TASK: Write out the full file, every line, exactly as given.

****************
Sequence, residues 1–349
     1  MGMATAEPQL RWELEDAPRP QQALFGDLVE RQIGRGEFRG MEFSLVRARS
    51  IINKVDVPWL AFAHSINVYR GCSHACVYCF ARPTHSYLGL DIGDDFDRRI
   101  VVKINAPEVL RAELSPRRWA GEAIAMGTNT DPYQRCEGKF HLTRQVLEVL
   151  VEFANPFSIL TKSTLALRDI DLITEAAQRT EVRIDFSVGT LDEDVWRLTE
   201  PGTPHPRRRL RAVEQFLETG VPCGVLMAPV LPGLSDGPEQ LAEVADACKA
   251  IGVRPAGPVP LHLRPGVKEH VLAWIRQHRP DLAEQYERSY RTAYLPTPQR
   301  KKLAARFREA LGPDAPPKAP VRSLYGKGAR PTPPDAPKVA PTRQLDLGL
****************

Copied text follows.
Sequence, residues 1–349
     1  MGMATAEPQL RWELEDAPRP QQALFGDLVE RQIGRGEFRG MEFSLVRARS
    51  IINKVDVPWL AFAHSINVYR GCSHACVYCF ARPTHSYLGL DIGDDFDRRI
   101  VVKINAPEVL RAELSPRRWA GEAIAMGTNT DPYQRCEGKF HLTRQVLEVL
   151  VEFANPFSIL TKSTLALRDI DLITEAAQRT EVRIDFSVGT LDEDVWRLTE
   201  PGTPHPRRRL RAVEQFLETG VPCGVLMAPV LPGLSDGPEQ LAEVADACKA
   251  IGVRPAGPVP LHLRPGVKEH VLAWIRQHRP DLAEQYERSY RTAYLPTPQR
   301  KKLAARFREA LGPDAPPKAP VRSLYGKGAR PTPPDAPKVA PTRQLDLGL